Agricultural Reserve project rejected by Palm Beach County Planning Commission goes back to drawing board.
By Mike Diamond
Special to The Palm Beach Post
Overwhelming opposition has forced a builder to withdraw plans for Boynton Technology Park, a controversial development in the Agricultural Reserve west of Boynton Beach that called for a 140-unit hotel, 420 housing units and an industrial park.
The applicant, Bradley Morton of Morton Group Realty in Delray Beach, was just one week away from the county commissioners acting on the plans when its agent submitted a letter Tuesday to Planning Director Patricia Behn announcing the withdrawal. Behn told The Post that she expects plans to be resubmitted later this year with “some modifications” but does not know what they might be. Efforts to obtain comment from the agent, Lauren McClellan of the Morton Planning Group, were unsuccessful.
Last week, the county Planning Commission rejected the development plans by a vote of 12-2. The 140-acre park would have been just west of the Turnpike and east of Acme Dairy Road. It would have been on both the north and south sides of the Turnpike.
Boynton Technology Park was one of three projects that the Planning Commission voted against on June 12, concluding that approval would have gutted rules to limit development in south county’s sprawling Agricultural Reserve. The planning commissioners accepted the findings of county planners who warned that approval of the three so-called text amendments would set a dangerous precedent and undo much of the work of the past 20 years to preserve agriculture in the face of onrushing development. There are roughly 14,000 homes in the Ag Reserve housing close to 25,000 people.
The Coalition of Boynton West Residential Associations (COBWRA) and the Alliance of Delray Residential Associations are opposed to the projects. COBWRA presented more than 2,000 opposing emails to the planning commission.
The builders were seeking text amendments or changes to the county’s growth plan that would have overhauled the Ag Reserve controls by allowing for increased density and significantly more commercial square footage. All three builders argued that the need for more diverse housing and commercial development to service a growing population justified the changes. They also noted that the one-house-per-one-acre limit in the Ag Reserve has resulted in expensive single-family homes that are out of the reach of most Palm Beach County residents, resulting in no affordable housing in the region. The average cost for a home in the Ag Reserve is more than $600,000.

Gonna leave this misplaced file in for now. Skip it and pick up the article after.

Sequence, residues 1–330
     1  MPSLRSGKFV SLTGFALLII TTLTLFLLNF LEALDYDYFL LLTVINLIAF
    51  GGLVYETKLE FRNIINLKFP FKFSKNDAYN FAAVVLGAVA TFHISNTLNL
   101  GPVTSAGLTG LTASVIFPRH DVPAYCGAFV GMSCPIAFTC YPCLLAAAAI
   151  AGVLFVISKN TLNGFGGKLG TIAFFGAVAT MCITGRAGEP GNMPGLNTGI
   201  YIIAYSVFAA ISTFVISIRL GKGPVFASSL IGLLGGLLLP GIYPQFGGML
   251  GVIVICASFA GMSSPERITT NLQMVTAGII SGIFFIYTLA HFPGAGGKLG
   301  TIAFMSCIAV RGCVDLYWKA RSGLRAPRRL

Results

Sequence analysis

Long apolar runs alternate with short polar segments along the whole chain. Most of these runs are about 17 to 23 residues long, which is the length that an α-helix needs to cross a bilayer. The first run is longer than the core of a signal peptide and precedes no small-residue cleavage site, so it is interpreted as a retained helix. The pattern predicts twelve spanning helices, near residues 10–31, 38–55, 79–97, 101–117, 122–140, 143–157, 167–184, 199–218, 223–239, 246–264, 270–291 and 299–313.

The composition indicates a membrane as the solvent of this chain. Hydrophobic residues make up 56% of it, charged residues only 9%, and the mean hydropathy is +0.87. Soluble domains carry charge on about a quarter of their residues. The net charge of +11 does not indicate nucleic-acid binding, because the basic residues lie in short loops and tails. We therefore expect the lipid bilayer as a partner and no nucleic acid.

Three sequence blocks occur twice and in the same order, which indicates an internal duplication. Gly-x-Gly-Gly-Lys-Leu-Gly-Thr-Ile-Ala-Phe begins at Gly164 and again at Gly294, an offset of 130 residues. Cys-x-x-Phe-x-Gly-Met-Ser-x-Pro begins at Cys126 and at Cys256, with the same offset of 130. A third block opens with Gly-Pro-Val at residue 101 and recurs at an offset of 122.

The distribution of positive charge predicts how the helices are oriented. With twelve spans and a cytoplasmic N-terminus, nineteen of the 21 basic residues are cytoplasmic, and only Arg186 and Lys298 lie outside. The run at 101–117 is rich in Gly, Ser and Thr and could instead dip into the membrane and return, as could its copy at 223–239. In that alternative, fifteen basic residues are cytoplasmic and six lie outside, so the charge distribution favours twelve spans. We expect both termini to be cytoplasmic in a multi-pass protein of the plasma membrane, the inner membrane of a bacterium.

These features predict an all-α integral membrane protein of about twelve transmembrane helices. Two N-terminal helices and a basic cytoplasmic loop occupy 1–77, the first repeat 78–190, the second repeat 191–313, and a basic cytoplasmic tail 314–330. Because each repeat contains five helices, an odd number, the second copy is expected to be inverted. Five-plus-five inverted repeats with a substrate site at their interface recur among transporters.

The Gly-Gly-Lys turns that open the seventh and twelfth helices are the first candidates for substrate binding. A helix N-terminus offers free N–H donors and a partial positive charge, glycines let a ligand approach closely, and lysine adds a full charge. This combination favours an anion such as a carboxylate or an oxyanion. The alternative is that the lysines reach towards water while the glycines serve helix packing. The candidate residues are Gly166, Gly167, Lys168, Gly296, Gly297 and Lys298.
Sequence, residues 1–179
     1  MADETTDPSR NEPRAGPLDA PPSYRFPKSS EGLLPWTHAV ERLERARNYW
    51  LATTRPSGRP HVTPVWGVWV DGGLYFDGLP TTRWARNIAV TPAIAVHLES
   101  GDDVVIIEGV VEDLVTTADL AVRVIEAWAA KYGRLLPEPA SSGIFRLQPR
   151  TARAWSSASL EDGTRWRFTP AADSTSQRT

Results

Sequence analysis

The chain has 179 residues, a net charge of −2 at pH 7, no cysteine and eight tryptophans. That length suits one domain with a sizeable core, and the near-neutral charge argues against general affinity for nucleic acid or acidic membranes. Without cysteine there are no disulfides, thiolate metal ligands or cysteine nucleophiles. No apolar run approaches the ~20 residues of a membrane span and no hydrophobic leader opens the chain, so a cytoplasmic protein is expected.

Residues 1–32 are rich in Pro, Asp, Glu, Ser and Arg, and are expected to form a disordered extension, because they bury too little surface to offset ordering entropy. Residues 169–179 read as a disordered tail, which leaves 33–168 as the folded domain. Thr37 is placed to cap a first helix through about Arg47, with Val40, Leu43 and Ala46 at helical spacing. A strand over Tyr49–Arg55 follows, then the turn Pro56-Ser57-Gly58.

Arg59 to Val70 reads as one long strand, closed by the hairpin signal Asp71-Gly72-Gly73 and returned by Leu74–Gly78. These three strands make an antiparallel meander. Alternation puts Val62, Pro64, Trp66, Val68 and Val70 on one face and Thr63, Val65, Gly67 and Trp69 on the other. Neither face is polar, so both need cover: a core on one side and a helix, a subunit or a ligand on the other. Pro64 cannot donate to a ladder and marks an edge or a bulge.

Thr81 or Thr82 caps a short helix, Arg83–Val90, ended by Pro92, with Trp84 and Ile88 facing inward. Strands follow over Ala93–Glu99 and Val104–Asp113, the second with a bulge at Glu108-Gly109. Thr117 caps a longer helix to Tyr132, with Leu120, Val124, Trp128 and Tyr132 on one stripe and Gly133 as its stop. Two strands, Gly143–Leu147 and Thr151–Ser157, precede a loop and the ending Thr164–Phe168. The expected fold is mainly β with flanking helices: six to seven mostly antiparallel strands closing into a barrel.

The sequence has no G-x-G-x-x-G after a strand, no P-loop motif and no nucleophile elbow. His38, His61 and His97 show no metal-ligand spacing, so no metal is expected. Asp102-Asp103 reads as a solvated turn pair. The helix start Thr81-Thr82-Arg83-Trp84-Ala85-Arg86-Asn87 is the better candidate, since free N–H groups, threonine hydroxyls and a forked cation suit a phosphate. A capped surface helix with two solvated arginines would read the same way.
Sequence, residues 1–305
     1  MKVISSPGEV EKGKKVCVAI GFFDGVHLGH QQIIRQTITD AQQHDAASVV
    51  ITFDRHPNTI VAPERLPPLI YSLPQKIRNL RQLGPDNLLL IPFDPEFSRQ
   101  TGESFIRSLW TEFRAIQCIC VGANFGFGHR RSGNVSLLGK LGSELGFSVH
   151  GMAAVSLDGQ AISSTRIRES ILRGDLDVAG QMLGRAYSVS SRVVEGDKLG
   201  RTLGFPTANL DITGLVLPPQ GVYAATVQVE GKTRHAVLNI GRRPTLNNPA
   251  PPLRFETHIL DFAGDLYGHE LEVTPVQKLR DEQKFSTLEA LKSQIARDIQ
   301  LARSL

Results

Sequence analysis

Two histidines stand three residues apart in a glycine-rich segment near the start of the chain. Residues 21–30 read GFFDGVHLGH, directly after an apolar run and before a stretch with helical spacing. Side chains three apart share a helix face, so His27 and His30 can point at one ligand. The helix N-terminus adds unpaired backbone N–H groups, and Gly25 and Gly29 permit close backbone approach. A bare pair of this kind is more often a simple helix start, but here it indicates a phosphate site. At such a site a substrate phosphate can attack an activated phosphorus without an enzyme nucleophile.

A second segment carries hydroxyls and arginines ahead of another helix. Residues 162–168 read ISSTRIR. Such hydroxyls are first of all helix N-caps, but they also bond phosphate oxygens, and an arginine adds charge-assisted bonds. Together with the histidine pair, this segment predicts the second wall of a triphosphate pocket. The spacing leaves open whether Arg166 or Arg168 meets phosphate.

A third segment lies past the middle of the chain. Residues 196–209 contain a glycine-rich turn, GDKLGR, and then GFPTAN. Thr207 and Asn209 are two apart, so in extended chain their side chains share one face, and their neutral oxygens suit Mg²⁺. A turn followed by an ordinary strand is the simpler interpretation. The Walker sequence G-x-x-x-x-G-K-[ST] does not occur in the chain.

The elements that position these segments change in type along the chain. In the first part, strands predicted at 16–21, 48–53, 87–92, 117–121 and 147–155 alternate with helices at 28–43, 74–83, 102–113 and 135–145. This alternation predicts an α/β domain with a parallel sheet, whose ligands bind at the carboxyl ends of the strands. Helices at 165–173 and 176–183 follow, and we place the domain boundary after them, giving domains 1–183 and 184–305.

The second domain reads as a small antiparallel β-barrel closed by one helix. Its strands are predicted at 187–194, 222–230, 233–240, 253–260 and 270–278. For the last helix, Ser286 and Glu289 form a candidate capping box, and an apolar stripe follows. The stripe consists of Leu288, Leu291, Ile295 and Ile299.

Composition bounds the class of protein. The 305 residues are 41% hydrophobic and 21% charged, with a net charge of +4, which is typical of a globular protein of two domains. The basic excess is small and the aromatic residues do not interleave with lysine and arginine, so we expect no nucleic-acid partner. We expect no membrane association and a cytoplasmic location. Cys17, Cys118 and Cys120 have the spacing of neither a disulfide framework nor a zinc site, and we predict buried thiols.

The Boynton Technology Park builder wanted to create an “economic development center,” a new category that would be exempt from the commercial cap of 1.1 million square feet, which has already been reached. The residential density limits would be relaxed as well.
County staff said it was wrong to consider such major changes on a piecemeal approach through “text amendments “and suggested that if changes are going to be made, they be done in a comprehensive manner with a look toward the entire Ag Reserve.
County commissioners are scheduled to act on the planning commission recommendations for the other two projects at a meeting on June 29.
Palm Beach County voters recognized the need to limit density in the region in 1999 with a $100 million bond issue to preserve farmland in the 22,000-acre zone that stretches from Clint Moore to Lantana roads.
“We would like to express gratitude in response to the developer’s withdrawal of the proposed text amendment,” said Beth Rappaport, president of COBWRA. “We are optimistic that through careful and thoughtful collaboration, a reasonable solution can be crafted to meet the needs of all stakeholders including but not limited to our COBWRA constituents, area residents and County leadership.”
E-mail Mike Diamond at firstname.lastname@example.org